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BPEA Article

What We Still Don’t Know about Monetary and Fiscal Policy


TWO THOUSAND AND SEVEN may seem an odd moment to question what
we know about monetary policy. The past quarter-century has been about
as good a run, at least in aggregate dimensions, as one is likely to get—
and certainly far superior to what the early Brookings Panel participants,
in the 1970s, ever thought likely. The United States has experienced only
two business recessions during the last twenty-five years, neither lasting
longer than eight months and neither involving a decline in total production
as great as 11_2 percent.1 Annual price inflation has converged onto a
11_2 to 2 percent norm, with the average increase apart from food and
energy (the U.S. central bank’s preferred measure) falling exactly in the
middle of this range over the past ten years and not a single year as much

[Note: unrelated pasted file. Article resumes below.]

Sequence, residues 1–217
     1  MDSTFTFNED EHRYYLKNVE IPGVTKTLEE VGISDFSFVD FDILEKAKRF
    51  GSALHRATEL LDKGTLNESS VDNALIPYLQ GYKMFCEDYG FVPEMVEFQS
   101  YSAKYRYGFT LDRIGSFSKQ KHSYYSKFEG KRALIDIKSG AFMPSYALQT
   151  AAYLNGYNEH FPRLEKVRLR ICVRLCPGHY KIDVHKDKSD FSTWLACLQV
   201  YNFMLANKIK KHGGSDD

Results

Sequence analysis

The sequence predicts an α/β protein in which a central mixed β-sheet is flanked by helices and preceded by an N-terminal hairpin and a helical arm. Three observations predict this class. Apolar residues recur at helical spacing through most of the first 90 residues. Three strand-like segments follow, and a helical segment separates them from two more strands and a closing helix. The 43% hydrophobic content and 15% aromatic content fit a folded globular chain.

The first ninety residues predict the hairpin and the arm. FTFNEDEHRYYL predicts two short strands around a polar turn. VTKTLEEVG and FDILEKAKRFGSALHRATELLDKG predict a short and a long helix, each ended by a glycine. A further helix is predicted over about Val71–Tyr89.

as 1_4 percentage point either above or below. Neither the severe one-day
stock market crash in October 1987, nor the collapse of a good portion of
the nation’s thrift deposit industry in the late 1980s, nor the protracted
stock market decline of 2000–03, nor the quadrupling of world oil prices
since 2002 had much, if any, visible impact on either aggregate nonfinancial
economic activity or economy-wide inflation. Euroland and most of
the world’s other advanced economies have enjoyed similarly favorable
rides, and even the one outstanding exception—Japan—proves the rule, in
that monetary policy there was so plainly wrong-headed.


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